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Article
February 2, 1990

Low-Level Lead Exposure and the IQ of ChildrenA Meta-analysis of Modern Studies

Author Affiliations

From the Department of Psychiatry, University of Pittsburgh (Dr Needleman), and the Department of Statistics, Carnegie-Mellon University (Dr Gatsonis), Pittsburgh, Pa.

From the Department of Psychiatry, University of Pittsburgh (Dr Needleman), and the Department of Statistics, Carnegie-Mellon University (Dr Gatsonis), Pittsburgh, Pa.

JAMA. 1990;263(5):673-678. doi:10.1001/jama.1990.03440050067035
Abstract

We identified 24 modern studies of childhood exposures to lead in relation to IQ. From this population, 12 that employed multiple regression analysis with IQ as the dependent variable and lead as the main effect and that controlled for nonlead covariates were selected for a quantitative, integrated review or metaanalysis. The studies were grouped according to type of tissue analyzed for lead. There were 7 blood and 5 tooth lead studies. Within each group, we obtained joint P values by two different methods and average effect sizes as measured by the partial correlation coefficients. We also investigated the sensitivity of the results to any single study. The sample sizes ranged from 75 to 724. The sign of the regression coefficient for lead was negative in 11 of 12 studies. The negative partial r's for lead ranged from —.27 to —.003. The power to find an effect was limited, below 0.6 in 7 of 12 studies. The joint P values for the blood lead studies were <.0001 for both methods of analysis (95% confidence interval for group partial r, —.15±.05), while for the tooth lead studies they were.0005 and.004, respectively (95% confidence interval for group partial r, —.08±.05). The hypothesis that lead impairs children's IQ at low dose is strongly supported by this quantitative review. The effect is robust to the impact of any single study.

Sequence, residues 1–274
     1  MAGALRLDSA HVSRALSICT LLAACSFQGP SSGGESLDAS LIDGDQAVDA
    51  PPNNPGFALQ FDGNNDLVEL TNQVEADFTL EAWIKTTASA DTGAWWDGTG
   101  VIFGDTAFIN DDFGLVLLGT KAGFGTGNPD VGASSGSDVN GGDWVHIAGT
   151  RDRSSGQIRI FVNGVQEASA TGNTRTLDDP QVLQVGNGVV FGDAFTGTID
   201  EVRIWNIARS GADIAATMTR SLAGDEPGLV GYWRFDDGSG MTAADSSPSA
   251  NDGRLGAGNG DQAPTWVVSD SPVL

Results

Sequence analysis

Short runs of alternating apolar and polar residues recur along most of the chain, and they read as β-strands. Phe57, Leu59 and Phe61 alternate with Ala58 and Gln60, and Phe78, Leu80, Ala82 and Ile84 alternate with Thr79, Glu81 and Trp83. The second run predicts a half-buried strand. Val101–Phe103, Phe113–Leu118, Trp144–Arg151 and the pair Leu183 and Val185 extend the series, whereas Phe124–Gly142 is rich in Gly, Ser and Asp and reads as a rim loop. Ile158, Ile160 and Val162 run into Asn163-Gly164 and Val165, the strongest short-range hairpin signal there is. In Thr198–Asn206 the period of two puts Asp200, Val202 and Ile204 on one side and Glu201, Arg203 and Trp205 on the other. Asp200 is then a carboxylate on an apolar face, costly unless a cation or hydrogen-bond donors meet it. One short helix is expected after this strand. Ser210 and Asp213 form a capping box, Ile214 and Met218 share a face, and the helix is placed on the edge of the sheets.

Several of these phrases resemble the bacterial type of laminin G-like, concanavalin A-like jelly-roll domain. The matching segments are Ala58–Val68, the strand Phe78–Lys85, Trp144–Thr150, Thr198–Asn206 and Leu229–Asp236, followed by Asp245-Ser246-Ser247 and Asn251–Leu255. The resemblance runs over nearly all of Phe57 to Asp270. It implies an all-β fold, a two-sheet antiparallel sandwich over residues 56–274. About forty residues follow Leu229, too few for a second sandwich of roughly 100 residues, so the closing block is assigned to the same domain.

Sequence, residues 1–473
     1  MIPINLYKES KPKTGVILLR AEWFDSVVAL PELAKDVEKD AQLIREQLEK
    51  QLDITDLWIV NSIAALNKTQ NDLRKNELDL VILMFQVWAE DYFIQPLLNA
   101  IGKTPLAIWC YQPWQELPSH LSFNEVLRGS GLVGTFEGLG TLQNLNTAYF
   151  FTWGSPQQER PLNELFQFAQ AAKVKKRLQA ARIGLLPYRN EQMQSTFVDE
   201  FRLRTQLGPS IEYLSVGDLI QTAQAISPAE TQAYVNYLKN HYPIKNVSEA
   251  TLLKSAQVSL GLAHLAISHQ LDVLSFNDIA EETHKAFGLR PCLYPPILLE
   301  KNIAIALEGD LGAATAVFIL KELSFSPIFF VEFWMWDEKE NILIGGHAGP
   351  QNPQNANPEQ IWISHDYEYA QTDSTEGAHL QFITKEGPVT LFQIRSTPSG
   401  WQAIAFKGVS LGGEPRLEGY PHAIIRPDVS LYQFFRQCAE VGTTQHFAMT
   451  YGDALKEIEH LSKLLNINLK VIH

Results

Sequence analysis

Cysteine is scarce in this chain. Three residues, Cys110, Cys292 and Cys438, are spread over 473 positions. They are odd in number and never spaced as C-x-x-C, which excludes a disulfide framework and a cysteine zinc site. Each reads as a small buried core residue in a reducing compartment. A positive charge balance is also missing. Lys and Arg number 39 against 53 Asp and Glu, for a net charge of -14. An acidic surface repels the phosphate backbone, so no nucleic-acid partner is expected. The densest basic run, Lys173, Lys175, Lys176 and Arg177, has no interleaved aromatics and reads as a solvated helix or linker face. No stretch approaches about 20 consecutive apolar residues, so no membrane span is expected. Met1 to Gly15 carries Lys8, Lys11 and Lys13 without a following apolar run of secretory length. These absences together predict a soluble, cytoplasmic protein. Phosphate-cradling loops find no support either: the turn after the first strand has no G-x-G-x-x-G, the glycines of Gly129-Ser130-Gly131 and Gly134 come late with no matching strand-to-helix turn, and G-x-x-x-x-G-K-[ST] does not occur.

(JAMA. 1990;263:673-678)

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